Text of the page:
Policy mediation

Policy mediation supports governments and stakeholders in reaching a common understanding on complex social issues.

Policies of governments and organisations can lead to conflicts with stakeholders. In most cases, these conflicts arise from misunderstandings in communication. Stakeholders feel that their interests have not been sufficiently taken into account in the planning process. With irritations and tensions as a result. Sometimes emotions run so high that parties dig in, delay proceedings and engage in a legal battle. Often resulting in negative media attention.

What kind of policy conflicts may arise?

Policy conflicts can occur within spatial planning, the environment, care, welfare and security and can involve, for example:

  • on the construction of roads;
  • the (re)organisation of neighbourhoods;
  • The construction of a mosque;
  • expansion of a chemical plant;
  • about the arrival of a nursing home;
  • about the arrival of an asylum seekers’ centre;

When communication is not good, misunderstandings and irritations can grow into conflicts and legal proceedings.

A policy mediator can help

Together with the parties, the policy mediator identifies the interests, takes stock of the possibilities, keeps the relationship between the parties workable and contributes to finding a solution. This can save a lot of time and money. First of all, confidential talks are held with each party individually. It then determines who should sit down together to resolve the conflict. In a number of conversations, the parties look for a solution to the problem under the mediator’s guidance. A solution that must be acceptable to all parties. The added value of the mediator is that he has a neutral and independent role.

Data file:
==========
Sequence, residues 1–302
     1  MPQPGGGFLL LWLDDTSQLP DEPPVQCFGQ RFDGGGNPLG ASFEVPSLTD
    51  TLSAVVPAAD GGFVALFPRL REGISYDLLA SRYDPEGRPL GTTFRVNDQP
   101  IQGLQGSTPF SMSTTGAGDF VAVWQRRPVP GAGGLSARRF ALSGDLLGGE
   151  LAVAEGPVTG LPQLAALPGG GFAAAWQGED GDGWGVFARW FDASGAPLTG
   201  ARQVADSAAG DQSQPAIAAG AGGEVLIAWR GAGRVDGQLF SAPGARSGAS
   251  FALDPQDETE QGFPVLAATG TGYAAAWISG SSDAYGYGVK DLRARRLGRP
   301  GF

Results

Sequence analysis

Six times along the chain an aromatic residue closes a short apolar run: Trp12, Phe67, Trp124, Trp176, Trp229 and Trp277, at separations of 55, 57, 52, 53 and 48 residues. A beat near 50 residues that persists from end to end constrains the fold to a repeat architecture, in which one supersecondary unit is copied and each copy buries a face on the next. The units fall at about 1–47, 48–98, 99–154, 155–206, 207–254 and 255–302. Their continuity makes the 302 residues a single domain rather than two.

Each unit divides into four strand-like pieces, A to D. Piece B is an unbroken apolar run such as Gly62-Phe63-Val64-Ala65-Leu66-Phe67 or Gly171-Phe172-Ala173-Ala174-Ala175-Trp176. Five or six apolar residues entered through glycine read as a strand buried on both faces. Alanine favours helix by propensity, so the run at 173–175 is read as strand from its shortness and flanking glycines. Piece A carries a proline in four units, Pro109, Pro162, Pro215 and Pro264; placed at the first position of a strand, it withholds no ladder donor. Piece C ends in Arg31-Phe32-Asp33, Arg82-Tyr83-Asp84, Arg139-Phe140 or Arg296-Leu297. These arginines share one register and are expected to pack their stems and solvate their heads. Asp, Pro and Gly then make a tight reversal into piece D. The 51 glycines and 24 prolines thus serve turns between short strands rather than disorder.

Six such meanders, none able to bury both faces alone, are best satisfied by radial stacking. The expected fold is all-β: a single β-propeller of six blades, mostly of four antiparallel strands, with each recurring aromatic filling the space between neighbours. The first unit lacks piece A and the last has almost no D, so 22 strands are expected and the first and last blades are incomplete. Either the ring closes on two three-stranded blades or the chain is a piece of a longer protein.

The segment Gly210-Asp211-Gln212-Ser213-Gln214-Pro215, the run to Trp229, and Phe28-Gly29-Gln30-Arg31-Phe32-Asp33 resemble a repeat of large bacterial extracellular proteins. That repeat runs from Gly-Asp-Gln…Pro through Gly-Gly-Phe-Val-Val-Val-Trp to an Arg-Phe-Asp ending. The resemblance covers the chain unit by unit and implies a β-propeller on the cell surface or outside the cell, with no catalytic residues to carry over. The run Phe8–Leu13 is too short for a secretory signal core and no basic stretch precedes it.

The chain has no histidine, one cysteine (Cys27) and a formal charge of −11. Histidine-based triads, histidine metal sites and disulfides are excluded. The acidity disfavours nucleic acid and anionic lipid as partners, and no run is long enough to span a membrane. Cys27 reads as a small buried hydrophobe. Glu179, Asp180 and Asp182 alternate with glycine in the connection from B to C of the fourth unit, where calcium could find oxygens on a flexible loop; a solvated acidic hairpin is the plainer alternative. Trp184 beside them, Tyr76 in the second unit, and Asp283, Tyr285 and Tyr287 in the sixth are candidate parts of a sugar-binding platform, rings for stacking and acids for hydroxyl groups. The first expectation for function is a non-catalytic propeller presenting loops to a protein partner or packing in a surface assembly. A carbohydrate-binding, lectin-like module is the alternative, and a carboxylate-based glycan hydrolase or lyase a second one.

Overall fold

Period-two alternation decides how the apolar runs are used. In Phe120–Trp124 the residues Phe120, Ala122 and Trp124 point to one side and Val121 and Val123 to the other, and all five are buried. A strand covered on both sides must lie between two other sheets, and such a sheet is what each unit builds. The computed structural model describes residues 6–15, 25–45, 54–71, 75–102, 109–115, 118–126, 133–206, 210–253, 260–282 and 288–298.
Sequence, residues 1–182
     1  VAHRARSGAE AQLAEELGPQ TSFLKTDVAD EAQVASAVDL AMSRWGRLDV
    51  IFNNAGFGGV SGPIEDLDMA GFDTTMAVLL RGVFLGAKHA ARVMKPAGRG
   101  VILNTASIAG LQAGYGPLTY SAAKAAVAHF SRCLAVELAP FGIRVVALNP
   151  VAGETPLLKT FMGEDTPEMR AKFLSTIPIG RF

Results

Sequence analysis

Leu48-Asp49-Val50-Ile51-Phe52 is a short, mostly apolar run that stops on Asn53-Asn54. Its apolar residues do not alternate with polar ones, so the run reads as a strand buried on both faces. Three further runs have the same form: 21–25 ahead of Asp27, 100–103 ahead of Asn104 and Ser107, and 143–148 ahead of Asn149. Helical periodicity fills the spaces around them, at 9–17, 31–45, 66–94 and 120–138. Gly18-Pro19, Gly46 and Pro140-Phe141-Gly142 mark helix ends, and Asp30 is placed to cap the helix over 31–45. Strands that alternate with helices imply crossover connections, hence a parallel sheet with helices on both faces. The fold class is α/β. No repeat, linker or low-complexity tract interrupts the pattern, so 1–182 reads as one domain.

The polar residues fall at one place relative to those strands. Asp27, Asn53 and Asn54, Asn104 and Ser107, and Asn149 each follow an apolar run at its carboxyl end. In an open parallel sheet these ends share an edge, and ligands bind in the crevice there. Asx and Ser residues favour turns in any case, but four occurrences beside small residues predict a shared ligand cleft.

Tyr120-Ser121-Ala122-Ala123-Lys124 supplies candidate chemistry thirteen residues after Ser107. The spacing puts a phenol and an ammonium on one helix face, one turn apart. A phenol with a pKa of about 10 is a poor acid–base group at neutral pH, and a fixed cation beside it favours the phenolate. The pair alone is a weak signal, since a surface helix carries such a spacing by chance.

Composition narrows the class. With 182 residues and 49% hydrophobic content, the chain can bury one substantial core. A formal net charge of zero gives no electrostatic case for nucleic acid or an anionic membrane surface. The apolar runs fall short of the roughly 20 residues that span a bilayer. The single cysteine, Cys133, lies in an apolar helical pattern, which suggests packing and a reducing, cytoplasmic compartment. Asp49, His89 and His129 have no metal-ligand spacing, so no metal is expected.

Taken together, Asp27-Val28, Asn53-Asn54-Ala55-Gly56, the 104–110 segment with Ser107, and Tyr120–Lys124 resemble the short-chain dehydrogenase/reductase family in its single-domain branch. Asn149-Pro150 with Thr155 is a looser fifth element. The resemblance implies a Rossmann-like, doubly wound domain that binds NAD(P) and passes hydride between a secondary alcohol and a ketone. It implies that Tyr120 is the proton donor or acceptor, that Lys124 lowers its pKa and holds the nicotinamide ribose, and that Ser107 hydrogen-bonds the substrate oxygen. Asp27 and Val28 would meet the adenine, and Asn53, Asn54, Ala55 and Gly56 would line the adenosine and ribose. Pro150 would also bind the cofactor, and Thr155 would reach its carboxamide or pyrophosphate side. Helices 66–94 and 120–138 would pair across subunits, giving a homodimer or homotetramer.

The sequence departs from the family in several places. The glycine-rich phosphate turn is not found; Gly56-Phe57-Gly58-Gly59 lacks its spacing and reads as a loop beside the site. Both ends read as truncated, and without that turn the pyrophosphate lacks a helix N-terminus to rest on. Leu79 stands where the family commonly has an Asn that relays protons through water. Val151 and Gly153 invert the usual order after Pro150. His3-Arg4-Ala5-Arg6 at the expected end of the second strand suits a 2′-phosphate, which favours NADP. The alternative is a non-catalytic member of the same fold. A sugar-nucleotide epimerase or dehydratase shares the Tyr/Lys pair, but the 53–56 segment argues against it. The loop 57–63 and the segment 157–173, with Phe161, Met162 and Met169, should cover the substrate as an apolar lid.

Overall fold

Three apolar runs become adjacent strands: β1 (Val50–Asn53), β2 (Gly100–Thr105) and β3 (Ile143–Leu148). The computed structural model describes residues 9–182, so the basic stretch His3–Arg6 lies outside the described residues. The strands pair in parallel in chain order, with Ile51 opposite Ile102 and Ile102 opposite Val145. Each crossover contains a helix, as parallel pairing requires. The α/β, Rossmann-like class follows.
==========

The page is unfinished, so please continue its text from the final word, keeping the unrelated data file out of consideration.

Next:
If you want an acceptable solution to the conflict, please contact us! Telephone number: 070 – 250 10 99


Who chooses the policy mediator?

In a policy conflict, it is usually the local government that chooses a mediator. But the mediator can also be chosen by one of the stakeholders. The costs are paid by the usually paid by the client or a distribution key is used between the different parties.

What does a policy mediation process look like?

Intake interview
In an individual intake interview, the conflict situation is mapped out. The first meeting also reveals whether there is a click with the mediator. In order to dare to talk openly about matters, it is important that the party feels at ease with the mediator and has confidence.

Joint mediation meeting
After the intake interview, a plan of action is drawn up and joint mediation meetings are held, during which the parties sit down with the mediator. The mediator listens, asks questions, summarises and guides the parties through various discussion and negotiation techniques to a solution acceptable to them.

How long does the process take?

The duration depends on the nature of the conflict and the course of the process. Usually, a solution is found within 3-6 months.




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